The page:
Today's Top 20 Healthcare News Articles
  1. States ranked by COVID-19 death rates: Nov. 30

    As of November 30, more than 779,000 people in the U.S. had died after contracting COVID-19, according to The New York Times.
  2. 6 recent hospitals, health systems investing in employee compensation

    While hospitals and health systems struggle with staff shortages, they're making major investments in employee compensation.
  3. Surprise billing in the US: 4 things to know

    Surprise billing rules will take effect Jan. 1 and are intended to protect patients from unexpected costs and create a process for payers and providers to settle disputes.

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  1. New York health system raises wages 14% for unionized RNs

    Watertown, N.Y.-based Samaritan Health reached an agreement with the New York State Nurses Association to raise wages for its unionized registered nurses by 14 percent, the health system announced Nov. 23.
  2. Hospital employment still lagging — 4 proposed explanations

    While employment in ambulatory healthcare services has essentially climbed back to levels seen prior to the COVID-19 pandemic, hospital employment has waned, according to U.S. Bureau of Labor Statistics data cited by Advisory Board. 
  3. Massachusetts hospitals with limited capacity ordered to reduce electives

    Massachusetts is ordering hospitals with limited capacity to reduce elective procedures amid workforce shortages and the COVID-19 pandemic.
  4. 6 organizations erasing medical debt for patients

    Sixty-six percent of U.S. bankruptcies are linked to medical debt issues, and 25 percent of U.S. credit card debt is medical debt, according to New York City-based RIP Medical Debt.
  1. 10 hospitals seeking RCM leaders

    Ten hospitals and health systems recently posted job listings seeking revenue cycle management leaders.
  2. HHS creates ground ambulance and patient billing committee, solicits nominations

    HHS will create a Ground Ambulance and Patient Billing Advisory Committee as part of its implementation of the No Surprises Act. 
  3. Over 90% of federal workers have met vaccination mandate requirement 

    More than 90 percent of federal workers had received at least one shot of a COVID-19 vaccine ahead of the Nov. 22 deadline, reports The New York Times. 
  4. From communication silos to unified communication: 4 takeaways on a new system for improving the patient journey

    The traditional patient journey is plagued by communication silos.
  1. 47% of women skip, cancel or delay healthcare due to barriers, new poll finds 

    A new survey conducted by the Stark County (Ohio) Health Department has found many women face significant barriers to healthcare access, including lack of appropriate appointment times and discrimination, reported The Repository Nov. 22.
  2. 1 city, different paths: How Cleveland health systems approached vaccination mandates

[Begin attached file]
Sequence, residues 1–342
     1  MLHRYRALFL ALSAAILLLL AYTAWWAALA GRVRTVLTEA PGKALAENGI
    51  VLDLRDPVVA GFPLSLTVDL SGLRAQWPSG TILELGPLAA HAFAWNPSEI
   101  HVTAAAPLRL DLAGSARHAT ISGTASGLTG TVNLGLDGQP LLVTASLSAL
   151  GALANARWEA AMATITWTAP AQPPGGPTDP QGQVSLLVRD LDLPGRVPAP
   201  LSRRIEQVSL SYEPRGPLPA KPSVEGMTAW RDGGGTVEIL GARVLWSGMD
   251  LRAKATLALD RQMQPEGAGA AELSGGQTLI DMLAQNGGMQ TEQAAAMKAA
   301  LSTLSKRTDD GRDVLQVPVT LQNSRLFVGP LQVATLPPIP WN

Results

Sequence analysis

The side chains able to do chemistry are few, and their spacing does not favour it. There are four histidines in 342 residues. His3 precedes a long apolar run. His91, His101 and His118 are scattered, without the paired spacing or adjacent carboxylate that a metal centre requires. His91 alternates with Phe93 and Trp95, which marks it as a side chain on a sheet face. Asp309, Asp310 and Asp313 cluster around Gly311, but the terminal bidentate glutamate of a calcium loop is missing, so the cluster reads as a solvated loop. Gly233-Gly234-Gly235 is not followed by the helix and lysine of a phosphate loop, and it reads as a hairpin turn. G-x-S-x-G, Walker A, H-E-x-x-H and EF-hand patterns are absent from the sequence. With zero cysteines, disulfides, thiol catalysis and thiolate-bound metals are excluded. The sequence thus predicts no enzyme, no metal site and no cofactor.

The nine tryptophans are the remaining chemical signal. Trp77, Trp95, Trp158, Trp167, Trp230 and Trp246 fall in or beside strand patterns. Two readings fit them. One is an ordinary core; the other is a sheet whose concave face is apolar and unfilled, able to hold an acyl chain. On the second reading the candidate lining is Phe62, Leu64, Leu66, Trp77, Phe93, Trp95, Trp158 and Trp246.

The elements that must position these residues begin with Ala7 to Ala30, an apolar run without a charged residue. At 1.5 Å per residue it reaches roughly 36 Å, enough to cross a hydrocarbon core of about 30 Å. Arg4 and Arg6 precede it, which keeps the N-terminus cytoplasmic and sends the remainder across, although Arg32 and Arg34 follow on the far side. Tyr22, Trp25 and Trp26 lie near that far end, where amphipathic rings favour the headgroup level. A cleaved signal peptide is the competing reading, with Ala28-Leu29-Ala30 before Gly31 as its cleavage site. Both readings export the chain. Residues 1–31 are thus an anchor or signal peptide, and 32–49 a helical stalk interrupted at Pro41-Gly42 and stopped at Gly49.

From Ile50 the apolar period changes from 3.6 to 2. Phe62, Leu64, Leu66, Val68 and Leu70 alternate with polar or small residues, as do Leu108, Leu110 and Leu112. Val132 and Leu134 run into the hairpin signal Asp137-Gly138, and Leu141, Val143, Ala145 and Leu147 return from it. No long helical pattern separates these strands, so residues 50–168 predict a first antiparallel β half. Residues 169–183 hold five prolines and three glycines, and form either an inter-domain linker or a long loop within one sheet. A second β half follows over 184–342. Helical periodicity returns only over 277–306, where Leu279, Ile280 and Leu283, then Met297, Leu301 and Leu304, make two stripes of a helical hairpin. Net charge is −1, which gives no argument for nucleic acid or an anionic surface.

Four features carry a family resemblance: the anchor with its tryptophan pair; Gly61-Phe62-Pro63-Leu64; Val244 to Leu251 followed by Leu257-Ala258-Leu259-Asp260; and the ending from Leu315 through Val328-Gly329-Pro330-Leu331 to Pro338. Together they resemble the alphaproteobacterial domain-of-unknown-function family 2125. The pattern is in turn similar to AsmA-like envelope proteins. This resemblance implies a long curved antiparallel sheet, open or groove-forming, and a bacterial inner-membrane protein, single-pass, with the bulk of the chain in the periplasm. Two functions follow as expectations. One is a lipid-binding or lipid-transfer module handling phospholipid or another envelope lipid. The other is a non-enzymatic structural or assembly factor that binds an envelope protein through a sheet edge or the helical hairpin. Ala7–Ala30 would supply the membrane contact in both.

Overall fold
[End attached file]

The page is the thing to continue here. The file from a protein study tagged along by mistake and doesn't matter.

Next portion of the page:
When Cleveland-based MetroHealth System announced its COVID-19 vaccination policy last summer, at the core of the decision was the health system's mission, according to Akram Boutros, MD, president and CEO of MetroHealth.
  3. Geisinger's net income rises by $400M through Q3

    Danville, Pa.-based Geisinger posted net income of $456.3 million in the nine months ended Sept. 30, a more than $400 million increase from the same period in 2020, according to its financial report. The increase in net income through the third quarter was largely driven by a $334.6 million gain from nonoperating activities. 
  4. WHO issues MIS-C treatment guidance

    In a Nov. 23 update, the World Health Organization issued clinical management recommendations for the treatment of multisystem inflammatory syndrome in children, a rare but serious condition tied to COVID-19. 
  5. CVS, Walgreens and Walmart contributed to Ohio's opioid crisis, jury rules

    CVS Health, Walmart and Walgreens substantially contributed to the opioid crisis in two Ohio counties, a federal jury ruled Nov. 23, according to The New York Times.
  6. HCA veteran named CEO of TriStar hospital

    Daphne David was appointed CEO of TriStar Summit Medical Center in Hermitage, Tenn.
  7. Class-action status lifted in suit against West Virginia system after employee stole 7,000+ patients' data

    A class certification order in a lawsuit against Morgantown-based West Virginia University Health Systems has been lifted because the plaintiff lacked standing, according to Nov. 19 documents filed in the Supreme Court of Appeals of West Virginia.
  8. 3 strategies on countering vaccine hesitancy 

    Despite the tragic death toll the coronavirus caused in the U.S, vaccinations have been polarized politically, and many people are still hesitant about whether to get inoculated. Here are three strategies to promote COVID-19 vaccination, according to a report in The Lancet published Nov. 15. 
  9. Cheap at-home COVID-19 tests are hard to find — here's why

    Many public health experts say cheap, widely available at-home COVID-19 tests would help Americans safely return to normal activities and help control the spread of COVID-19. These tests are still hard to come by nearly two years into the pandemic, however, due to the pace of FDA authorizations and manufacturing bottlenecks, Kaiser Health News reported Nov. 22. 

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